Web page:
Courtney Spencer

 Miller Street Dance Academy Office Manager/Instructor

1. Just let them talk and listen, 9 times out of 10 they just want to vent. So listen and just smile 🙂 then…

2. After you’ve listened to them rant and complain, (in a sweet calm voice) thank them for sharing their thoughts and let them know that you see where they are coming from. At that point you can explain to them why you do things the way you do (because there is always a good reason and parents have no idea what goes on behind the “scenes” and in the office).  Also try to talk slow, sweet and calm while explaining this way they don’t get defensive. Then, finish up with putting a positive spin on the issue.

Example: A parent is upset about how much recital costumes cost and they want to see the costume before they pay for it.
Parent- “I’m paying so much money for these recital costumes I want to see them now.”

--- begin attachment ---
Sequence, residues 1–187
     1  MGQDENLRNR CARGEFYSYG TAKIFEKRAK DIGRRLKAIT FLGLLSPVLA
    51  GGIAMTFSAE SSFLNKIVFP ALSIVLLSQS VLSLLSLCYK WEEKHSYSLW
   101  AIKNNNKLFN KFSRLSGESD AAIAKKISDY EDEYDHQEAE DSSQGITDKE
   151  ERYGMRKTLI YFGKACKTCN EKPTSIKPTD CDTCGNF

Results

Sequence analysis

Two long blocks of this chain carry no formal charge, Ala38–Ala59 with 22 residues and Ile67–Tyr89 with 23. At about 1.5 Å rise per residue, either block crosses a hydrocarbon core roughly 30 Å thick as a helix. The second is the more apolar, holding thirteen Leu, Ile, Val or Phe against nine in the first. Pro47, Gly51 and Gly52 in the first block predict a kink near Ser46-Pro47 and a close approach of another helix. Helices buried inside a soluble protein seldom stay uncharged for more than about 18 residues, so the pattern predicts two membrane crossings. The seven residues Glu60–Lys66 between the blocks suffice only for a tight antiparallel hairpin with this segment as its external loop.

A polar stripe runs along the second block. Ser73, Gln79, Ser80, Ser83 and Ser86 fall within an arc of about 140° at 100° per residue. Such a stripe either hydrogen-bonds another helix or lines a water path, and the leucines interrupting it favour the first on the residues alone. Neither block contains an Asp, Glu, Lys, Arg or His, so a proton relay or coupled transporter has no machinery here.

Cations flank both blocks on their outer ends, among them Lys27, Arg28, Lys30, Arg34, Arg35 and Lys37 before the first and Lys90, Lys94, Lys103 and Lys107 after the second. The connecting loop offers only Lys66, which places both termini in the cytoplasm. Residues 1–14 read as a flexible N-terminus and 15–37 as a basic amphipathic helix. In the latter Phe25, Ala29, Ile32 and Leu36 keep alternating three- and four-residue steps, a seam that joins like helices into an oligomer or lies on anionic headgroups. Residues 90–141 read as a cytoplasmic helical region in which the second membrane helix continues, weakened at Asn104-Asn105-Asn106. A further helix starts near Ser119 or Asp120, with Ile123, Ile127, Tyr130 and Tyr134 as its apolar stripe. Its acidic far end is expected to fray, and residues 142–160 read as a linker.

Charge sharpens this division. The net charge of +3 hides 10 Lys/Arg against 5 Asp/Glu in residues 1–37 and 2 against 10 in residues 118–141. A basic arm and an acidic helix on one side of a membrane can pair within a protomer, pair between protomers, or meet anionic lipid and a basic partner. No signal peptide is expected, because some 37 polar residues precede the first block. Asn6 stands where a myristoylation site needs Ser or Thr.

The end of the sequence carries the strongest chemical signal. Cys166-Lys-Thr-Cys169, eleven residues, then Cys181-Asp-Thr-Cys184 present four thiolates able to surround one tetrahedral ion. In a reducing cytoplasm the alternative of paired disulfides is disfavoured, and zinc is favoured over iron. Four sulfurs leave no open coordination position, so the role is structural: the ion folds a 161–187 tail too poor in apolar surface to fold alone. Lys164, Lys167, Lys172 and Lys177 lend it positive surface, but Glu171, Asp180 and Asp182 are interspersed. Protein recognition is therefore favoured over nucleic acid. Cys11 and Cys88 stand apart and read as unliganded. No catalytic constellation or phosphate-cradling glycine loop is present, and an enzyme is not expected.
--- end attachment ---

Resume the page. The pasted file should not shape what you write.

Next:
You –  “I know recital costumes are so pretty and it’s such an exciting time of the for EVERYONE! But it’s actually a SURPRISE for everyone in the studio even our teachers! Costume handout week is so fun and exciting do you know the date for costume week?”
Parent- “Well no.” [And they’ve completely forgotten that they were upset about not seeing the costumes because you acted so excited and happy about costume handout week.]
You- ” Please, lets go by the office and get those dates for you. You certainly don’t want to miss the most exciting week of the year! And don’t forget your camera this is the perfect day for photos with your dancer and her/his friends!”

So, this all boils down to communication. Keeping the customers you already have is a lot more cost effective than getting new ones! Take a pulse on your parents – are they happy? How are you communicating to them in good times and in bad?